Date of Award


Degree Name

EdD Doctor of Education

Dissertation Committee

Fred J. Galloway, EdD, Chair; Robert Donmoyer, PhD, Member; Charles Girvin, EdD, Member;


collaboration, elementary schools, Guam, instructional leadership, Leadership studies, public schools, principals, school administration, teachers


This study explored the current instructional leadership behaviors of elementary principals in Guam as perceived by the principals and teachers, and examined their perceptions on which instructional leadership functions should be shared or delegated in schools. The Principals' Instructional Management Rating Scale, developed by Dr. Phillip Hallinger and modified by the researcher, was used to gather data for this study. Four hundred eighty teachers (53%) and eighteen principals (81%) in Guam's public elementary schools participated, and there was no evidence of non-response bias. From this study, findings revealed that both principals and teachers shared the same perceptions regarding their principals' current instructional leadership performance. Both agreed that the three job functions principals performed most frequently were: supervising and evaluating instruction, protecting instructional time, and promoting professional development. Teachers and principals also agreed that the three job functions principals performed least often were: providing incentives for teachers, monitoring student progress, and maintaining high visibility. Furthermore, two variables—principals' years of experience, and teachers' participation in Effective School programs—affected principals' and teachers' perceptions on all ten job functions measured. Finally, the researcher found that although principals and teachers agreed on which of the ten instructional leadership functions should be “shared” or “assumed” by the school principal, they need to collaborate on how the “shared” job functions should be performed effectively.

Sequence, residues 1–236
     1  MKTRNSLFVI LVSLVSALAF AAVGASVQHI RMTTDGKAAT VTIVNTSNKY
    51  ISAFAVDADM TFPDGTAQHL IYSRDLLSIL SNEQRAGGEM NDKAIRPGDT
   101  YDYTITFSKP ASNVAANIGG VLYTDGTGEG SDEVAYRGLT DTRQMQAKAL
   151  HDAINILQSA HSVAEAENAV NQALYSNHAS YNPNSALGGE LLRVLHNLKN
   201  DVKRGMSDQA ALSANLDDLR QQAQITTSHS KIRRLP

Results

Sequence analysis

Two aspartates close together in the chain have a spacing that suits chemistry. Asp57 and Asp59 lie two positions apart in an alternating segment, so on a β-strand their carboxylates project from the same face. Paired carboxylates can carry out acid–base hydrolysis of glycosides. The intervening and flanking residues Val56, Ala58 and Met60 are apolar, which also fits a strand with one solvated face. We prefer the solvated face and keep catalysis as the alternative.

Document Type

Dissertation: Open Access